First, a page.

Lost in (S)hell

Yesterday I found a cute OpenSource SVG editor called InkScape that runs on X11. After I played with it for a few minutes I decided to explore the source. I got the thing from Subversion, checked out the readme files and bravely (or innocently), I ran ./configure in my shell, just to realize I was missing a Perl XML parser. Ok, that sounds like fun I thought. A little research about Perl modules led me to the CPAN (Comprehensive Perl Archive Network) module, a useful utility that comes with a console tool to check for and install or update Perl modules. The Perl XML parser seemed to be just around the corner, but not before I could find and install another XML parser, Expat for C, necessary to successfully run the CPAN command that installs the Perl XML parser, no problemo. That done, I ran ./configure again, just to find out I needed to upgrade my Libpng to something after version 1.2… Oh, and what about the Boehm-Demers-Weiser Garbage Collector (version 6.4+) for C++? Done! I ran ./configure again only to have the terminal spit out the following not-so-good news:

configure: error: Package requirements (gdkmm-2.4 glibmm-2.4 gtkmm-2.4 gtk+-2.0 >= 2.4.0 libxml-2.0 >= 2.6.11 libxslt >= 1.0.15 sigc++-2.0 >= 2.0.12 gthread-2.0 >= 2.0) were not met.
Consider adjusting the PKG_CONFIG_PATH environment variable if you installed software in a non-standard prefix.

Oh-oh, a handfull of obscure libraries still seemed to be missing! It was already three hours after I began pretending to build the InkScape source and I couldn’t even make it to the make command… pathetic! Another beautiful afternoon disappeared behind the window as I decided to quit on trying to build InkScape because the truth is I am in no position to understand the source code anyway.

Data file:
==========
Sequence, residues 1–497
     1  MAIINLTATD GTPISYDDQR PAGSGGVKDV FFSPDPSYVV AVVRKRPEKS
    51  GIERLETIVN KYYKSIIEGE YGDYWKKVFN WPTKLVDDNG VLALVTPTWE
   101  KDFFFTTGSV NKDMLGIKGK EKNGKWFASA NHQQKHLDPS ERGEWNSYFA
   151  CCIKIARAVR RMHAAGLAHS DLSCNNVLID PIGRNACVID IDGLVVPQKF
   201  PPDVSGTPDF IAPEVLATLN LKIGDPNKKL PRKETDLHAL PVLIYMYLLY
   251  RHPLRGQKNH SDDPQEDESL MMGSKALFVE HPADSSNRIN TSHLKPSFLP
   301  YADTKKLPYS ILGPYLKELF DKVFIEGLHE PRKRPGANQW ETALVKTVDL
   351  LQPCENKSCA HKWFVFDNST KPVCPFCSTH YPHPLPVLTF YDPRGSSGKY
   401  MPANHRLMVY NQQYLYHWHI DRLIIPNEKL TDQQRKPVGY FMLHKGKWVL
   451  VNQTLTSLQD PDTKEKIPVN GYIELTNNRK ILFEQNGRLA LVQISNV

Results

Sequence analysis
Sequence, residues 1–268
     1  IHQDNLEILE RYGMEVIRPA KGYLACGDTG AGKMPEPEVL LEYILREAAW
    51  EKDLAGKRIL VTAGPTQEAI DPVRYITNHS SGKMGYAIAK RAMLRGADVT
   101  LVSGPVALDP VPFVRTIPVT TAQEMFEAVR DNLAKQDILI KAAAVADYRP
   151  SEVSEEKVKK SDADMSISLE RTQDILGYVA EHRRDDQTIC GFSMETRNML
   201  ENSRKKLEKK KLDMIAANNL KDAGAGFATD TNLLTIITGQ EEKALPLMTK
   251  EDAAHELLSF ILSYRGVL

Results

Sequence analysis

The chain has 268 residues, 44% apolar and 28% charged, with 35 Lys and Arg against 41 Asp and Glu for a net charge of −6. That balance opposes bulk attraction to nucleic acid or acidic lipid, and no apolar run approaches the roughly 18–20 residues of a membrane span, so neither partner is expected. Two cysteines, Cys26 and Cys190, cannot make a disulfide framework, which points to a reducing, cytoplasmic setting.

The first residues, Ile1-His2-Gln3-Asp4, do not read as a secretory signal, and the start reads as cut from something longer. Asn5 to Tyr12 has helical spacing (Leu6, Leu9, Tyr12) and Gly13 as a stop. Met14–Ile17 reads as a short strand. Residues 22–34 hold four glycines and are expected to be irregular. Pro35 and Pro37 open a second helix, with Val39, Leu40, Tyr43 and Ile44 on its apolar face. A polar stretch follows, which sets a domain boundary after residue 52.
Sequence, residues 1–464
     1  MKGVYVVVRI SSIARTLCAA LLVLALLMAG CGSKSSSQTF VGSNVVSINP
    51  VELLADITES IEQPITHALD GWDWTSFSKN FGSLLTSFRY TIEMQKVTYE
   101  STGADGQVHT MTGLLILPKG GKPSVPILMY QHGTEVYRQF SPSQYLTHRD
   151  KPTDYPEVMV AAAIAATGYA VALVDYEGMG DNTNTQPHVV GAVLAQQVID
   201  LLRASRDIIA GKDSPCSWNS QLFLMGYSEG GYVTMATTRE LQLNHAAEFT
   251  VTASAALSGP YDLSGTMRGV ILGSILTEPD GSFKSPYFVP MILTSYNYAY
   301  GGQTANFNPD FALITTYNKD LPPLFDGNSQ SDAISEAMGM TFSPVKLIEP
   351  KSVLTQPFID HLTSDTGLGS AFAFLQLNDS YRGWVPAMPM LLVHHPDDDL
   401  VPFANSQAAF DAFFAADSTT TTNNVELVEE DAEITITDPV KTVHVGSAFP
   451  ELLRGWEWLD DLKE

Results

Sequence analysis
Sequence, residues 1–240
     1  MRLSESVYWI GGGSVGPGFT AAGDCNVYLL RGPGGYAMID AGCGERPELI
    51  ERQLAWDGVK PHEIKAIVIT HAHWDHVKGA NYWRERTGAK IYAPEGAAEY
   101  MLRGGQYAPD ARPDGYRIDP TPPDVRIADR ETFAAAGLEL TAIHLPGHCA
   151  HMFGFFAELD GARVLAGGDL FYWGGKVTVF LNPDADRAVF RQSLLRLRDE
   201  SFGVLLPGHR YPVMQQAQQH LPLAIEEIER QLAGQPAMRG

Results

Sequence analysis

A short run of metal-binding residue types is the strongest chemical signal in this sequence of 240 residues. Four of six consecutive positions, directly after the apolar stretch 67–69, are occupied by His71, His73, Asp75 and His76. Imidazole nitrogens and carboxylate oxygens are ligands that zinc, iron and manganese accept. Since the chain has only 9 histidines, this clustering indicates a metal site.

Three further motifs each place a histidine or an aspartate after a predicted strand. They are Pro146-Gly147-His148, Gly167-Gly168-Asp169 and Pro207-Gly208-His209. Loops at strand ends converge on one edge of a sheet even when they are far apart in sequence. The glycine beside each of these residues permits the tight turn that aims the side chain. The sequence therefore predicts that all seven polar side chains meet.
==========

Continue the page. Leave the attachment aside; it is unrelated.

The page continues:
I wanted to explore the brains and guts of InkScape in search for a better understanding of the SVG file format and the design of a simple Vector Graphics Drawing Application, like the one we are using in OpenStudio. This afternoon’s experience of mine is just another example of how much of a super complex and extremely cryptic backend can be cloaked away from the user by a seemingly simple frontend. When it comes to drawing into the machine, I want the user’s experience to resemble the conventional drawing experience as much as possible, even though the means and results of the drawing action will hopefully be different from what can be done when using a piece of paper and a brush or pencil. As long as the relation between perception and the material expression of a human gesture on a surface is well established, the experience of drawing will be delivered to the user. Complex backend implementation is unavoidable and will always be hidden from the user by a simpler frontend. The user shouldn’t have to be expert. The question is whether the constraints established by the frontend design will deliver or not a rich experience to the user in terms of function and interaction.

If you’re not the ultimate nerd and you actually read my text and visited some of the links in it, and if you are curious about computers, internet, and information-media technologies in general, you will probably feel like you’re missing on a lot. And you are, just like me. I can talk all I want about what the ultimate super simple vector drawing application should feel like, but when it comes to creating something as simple as that, I am lost and powerless. I have been using digital media tools for more than 12 years and I want to find out where they come from. Creative Techno Culture is not half as global as the products it delivers, most of the times it’s not global even in the same city.

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